For all the talk over the past week on Steve Jobs success I think we’re
missing some of the learning lessons from his life that I noticed.
From where I sit Steve Jobs was the best non-technical cofounder of his
generation. And he did it by ignoring a lot of advice that I’ve been
guilty of giving. You might not agree with his method but his results
speak for themselves. Here’s how I see some of the Lessons of Steve Job
nontechnical cofounder, and what we might want to learn from them.
1 – Take over everything from the technical founder that is not his core value.
Steve Jobs handled all the firing and hiring of Apple Computer early on,
he rejected technical hires that his technical cofounder wanted. He went
alone to banks and asked for money. He negotiated the early angel
financing, alone. He built the early dealers network to sell the computers
and he trained the sales people. Where was his cofounder Woz during all
this. Building and designing computers. Why? Because that’s what he was
good at. Would Woz have been good at the other items up here – perhaps?
But the goal was to squeeze every inch of engineering genius out of Woz
and get every distraction out of his way. Steve Jobs did that artfully.
2 – Learn enough technical knowledge to be dangerous. Then be dangerous. (I.e. challenge everyone to defend their technical beliefs.)
Eric Schmidt in a recent business week article pointed out that Steve Jobs
argued with him on arcane points of C while Schmidt has a PhD in compsci.
Unlike Schmidt, Steve Jobs could never program the technology he wanted, but he had a view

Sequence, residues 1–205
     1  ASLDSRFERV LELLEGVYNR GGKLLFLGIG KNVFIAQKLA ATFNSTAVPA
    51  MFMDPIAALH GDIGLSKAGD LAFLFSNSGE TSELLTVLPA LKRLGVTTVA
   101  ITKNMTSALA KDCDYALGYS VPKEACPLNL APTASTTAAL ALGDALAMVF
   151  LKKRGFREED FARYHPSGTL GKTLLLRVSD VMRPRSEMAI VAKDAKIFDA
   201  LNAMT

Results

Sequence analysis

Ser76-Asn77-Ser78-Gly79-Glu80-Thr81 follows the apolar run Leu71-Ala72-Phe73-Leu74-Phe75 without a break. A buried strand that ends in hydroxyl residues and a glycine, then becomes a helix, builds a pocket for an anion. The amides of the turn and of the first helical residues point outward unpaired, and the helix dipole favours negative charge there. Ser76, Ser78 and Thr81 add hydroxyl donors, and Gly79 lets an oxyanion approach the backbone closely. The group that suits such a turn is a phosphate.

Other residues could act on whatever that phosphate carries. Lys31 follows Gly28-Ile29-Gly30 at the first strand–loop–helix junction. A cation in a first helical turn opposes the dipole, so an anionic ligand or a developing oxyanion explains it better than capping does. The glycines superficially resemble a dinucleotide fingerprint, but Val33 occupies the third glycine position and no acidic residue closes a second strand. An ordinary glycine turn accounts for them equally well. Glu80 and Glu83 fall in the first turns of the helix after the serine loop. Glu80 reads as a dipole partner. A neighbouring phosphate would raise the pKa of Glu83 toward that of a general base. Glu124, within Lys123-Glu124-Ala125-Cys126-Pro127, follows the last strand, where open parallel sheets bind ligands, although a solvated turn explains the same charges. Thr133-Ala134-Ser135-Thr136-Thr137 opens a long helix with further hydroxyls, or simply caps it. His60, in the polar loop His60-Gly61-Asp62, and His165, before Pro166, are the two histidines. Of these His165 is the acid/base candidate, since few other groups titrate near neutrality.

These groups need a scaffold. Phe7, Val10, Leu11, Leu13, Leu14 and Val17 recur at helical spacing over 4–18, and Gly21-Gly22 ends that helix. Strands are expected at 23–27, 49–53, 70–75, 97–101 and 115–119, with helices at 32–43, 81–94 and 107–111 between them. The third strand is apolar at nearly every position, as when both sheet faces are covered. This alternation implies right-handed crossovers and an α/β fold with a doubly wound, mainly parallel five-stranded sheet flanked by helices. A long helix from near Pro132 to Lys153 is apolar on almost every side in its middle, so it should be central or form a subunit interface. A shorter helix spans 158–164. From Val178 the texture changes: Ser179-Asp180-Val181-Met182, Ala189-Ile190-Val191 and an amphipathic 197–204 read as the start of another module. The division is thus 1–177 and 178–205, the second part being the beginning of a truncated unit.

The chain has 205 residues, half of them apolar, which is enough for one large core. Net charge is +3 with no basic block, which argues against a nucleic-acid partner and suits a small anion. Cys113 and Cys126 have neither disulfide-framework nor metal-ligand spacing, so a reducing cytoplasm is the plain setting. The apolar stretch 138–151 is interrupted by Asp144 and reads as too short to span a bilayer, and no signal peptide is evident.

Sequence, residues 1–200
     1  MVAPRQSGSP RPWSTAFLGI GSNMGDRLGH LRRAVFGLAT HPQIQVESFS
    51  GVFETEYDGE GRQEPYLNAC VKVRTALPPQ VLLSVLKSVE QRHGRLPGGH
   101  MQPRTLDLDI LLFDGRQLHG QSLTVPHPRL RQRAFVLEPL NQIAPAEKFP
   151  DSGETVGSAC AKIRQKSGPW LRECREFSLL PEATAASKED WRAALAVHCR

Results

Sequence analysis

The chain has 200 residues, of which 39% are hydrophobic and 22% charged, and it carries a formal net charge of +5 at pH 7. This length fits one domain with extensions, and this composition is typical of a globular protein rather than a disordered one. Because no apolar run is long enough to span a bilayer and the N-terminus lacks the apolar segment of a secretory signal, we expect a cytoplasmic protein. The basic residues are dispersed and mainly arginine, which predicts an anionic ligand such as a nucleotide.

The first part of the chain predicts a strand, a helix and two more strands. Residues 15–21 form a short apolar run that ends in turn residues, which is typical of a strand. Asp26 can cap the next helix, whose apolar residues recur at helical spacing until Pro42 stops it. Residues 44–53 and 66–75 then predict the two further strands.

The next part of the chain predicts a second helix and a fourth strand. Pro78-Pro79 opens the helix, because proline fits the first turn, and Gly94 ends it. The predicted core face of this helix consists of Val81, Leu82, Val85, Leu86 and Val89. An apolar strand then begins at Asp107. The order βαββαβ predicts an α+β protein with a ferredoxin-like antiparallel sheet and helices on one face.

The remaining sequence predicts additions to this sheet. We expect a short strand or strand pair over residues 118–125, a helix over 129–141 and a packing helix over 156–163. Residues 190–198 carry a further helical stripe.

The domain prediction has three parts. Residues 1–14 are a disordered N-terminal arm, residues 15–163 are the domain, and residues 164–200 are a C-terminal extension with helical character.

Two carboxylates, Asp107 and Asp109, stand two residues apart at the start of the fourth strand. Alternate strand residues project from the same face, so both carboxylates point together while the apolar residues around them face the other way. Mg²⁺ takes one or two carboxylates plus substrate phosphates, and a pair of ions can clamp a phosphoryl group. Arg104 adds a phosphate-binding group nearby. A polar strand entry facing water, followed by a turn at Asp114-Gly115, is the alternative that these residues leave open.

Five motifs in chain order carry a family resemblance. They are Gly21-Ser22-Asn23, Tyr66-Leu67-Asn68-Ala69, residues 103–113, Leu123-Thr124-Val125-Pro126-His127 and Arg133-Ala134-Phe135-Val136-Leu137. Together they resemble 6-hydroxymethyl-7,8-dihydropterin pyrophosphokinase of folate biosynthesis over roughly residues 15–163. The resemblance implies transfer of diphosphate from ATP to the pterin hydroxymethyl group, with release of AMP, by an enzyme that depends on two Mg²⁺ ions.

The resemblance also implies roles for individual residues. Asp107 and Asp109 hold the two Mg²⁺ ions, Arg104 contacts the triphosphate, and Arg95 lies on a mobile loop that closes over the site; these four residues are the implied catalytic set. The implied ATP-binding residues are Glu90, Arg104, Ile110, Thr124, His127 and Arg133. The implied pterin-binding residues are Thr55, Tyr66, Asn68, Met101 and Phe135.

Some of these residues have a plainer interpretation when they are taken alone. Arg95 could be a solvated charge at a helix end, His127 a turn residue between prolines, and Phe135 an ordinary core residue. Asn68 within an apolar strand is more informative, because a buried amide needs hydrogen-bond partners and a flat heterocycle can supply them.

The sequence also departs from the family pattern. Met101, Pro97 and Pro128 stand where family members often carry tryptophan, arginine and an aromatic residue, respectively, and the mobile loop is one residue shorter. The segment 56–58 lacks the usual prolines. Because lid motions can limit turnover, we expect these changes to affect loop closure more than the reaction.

on it. He could defend it and he wasn’t afraid to.
I suspect he learned more from the ‘defend your technical beliefs’
arguments then he ever learned from looking at code. In other words the
interested layman talking arcane tech so much he sounded like he could
even do it. He did this to keep his technical staff wondering what arcane
point they would have to defend next. But it also made them prepare to
defend their design decisions so they would chose the best and easiest to
defend design decisions.
3 – Never accept people’s qualifications at face value.
Steve had no qualifications and he was a success.
The opposite could also be true. You could have qualifications and be a
failure. If you ever read about people’s first interviews with Jobs, he
nearly always asked them to defend why they should be hired. The resume
was only a foot in the door. Qualifications, even technical ones don’t
really matter at the end of the day. Can you do it? They do so.
4 – Never let your products become too techie. They’re supposed to be used by people. Make sure you want to use it.
At the end of the day Woz was about refined technical design. Steve was
about refined design. But it was Jobs who recognized that a command line
was never going to be the future of computing it was going to be an icon.
Technical founders build beautiful technology. Nontechnical founders need
to make sure they can use it too. Steve made sure he could use it and then
made sure he wanted to use it and then show it to his girl friend.
“We made the buttons on the screen look so good you’ll want to lick them”
5 – Argue for technical changes by talking about the humanity of the end-user. Not the technical problems that need to be fixed.
If you read the folklore.org pages about the Macintosh startup time.
You’ll hear the story of how he argued for shorter boot times not because
it was slow but because they were wasting away the lives of their users.
The argument was not a technical one, the problem was. The way to inspire
his team that Steve decided to use was to not argue about loading memory
items when the user won’t notice. He just explained a completely off hand
thought for saving lives.
Was it a good argument – no.
But did it explain the thinking of Steve Jobs? yes.
— There are probably many more and better ones.
There have been hundreds of arguments on technical founders versus
nontechnical founders. We just lost the best nontechnical cofounder in
history and he certainly showed that they matter.